Municipalities and businesses all over struggle with the question of what exactly to do with their homeless populations, but one British university may have taken the effort to clean up the streets a bit far. They’re accused of putting up cages over air vents on campus to keep the homeless from sleeping near warm spots overnight.
Cardiff University student and blogger Lewis Hopkins noticed the cages and wrote about them last week, noting that Cardiff appeared to have put them up over summer vacation. Hopkins says the sight “sickened me to the core.”
“A cold, ugly barred cage had been fixed to one of vents. [sic] I had noticed the winter before that these vents bellowed a comforting pocket of warm air, which from time to time was occupied by the homeless.”
Cardiff, Hopkins alleges, put up the cages to keep the homeless population in the area from sleeping near them for warmth. Contacting the University, he was met with a different explanation.
“As your [sic] aware this area has attracted persons who have located themselves on the vent thereby causing a great risk to their own health and safety. This has generated complaints from University staff and members of the public.”
Cardiff University’s Security Services’ explanation continued, saying that “persistent contact with the steam could be deemed as a health hazard which would leave the University in an invidious position.”
The University’s story appears to have changed recently, though. As Dazed Digital notes, Cardiff spokespersons are now saying that “any suggestion that Cardiff University erected the safety grilles to deter homeless people is wholly inaccurate and completely misleading.”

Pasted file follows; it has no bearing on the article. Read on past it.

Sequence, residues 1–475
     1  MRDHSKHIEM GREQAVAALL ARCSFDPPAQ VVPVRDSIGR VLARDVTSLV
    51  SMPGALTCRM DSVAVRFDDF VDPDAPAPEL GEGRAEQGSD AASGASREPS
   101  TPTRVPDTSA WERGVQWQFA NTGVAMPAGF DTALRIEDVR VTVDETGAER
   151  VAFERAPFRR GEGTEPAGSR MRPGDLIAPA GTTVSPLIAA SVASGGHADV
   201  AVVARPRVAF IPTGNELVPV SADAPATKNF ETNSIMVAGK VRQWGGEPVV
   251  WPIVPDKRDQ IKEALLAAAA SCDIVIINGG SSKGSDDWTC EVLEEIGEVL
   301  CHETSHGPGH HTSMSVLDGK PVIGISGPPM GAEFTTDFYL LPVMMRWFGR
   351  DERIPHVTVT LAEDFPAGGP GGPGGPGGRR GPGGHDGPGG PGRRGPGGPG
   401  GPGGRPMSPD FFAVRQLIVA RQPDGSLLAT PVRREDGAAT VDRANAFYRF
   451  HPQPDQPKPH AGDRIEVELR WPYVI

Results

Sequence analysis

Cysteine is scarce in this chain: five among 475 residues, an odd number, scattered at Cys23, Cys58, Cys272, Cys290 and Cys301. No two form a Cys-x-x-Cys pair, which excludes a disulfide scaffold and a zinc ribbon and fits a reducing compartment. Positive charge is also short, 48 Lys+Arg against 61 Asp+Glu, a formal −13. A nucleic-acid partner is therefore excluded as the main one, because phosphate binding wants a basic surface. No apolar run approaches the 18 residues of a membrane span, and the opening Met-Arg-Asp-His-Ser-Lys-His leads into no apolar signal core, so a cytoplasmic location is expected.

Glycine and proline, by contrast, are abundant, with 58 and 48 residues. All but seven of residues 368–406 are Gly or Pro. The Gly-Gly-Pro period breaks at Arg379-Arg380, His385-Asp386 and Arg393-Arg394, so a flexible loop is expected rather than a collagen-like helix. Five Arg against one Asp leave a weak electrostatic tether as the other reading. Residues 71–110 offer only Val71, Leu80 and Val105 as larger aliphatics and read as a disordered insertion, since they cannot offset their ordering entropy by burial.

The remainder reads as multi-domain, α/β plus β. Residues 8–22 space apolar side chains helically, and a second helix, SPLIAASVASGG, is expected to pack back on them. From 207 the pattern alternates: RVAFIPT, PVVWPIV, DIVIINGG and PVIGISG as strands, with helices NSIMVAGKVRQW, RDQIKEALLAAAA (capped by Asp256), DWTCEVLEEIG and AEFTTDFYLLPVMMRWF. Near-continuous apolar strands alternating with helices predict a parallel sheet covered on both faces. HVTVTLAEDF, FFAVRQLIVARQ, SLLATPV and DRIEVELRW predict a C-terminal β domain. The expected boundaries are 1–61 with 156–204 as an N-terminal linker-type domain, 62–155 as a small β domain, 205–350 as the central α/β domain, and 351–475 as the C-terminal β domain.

The grilles, Cardiff now claims, were put up “in the interests of health and safety,” since the vents they cover are boiler flue vents. Those vents, the University says, “can potentially produce products of combustion” like “carbon monoxide.”
Cardiff students aren’t buying it, though, describing the cages at the University as “mean-spirited.” Further, they point out that, if the gasses produced are so dangerous, it may not be the best idea to pump them into the air in areas regularly trafficked by students.
“Surely sleeping in freezing cold and soaking wet conditions during the winter,” one student wrote in response, “will cause more harm than the steam from the vent ever could.”
Cardiff’s actions appear to be in line with what some others have done to deter loitering by the homeless. In June, a pricey apartment building in London came under fire when it installed inch-high spikes in its alleys and alcoves. The spikes, similar to the kind that are used to keep pigeons off buildings, were aimed at keeping the homeless from sleeping in corners and alcoves.
The supermarket chain Tesco also installed similar spikes outside one of its locations in uptown London, drawing considerable criticism.
The anti-homeless spikes haven’t gone unnoticed, though. At the Tesco location, a number of activists dressed as a construction crew and poured concrete over the spikes to even out the surface.
There’s no word yet on if any comparable action is planned to deal with Cardiff’s anti-homeless cages.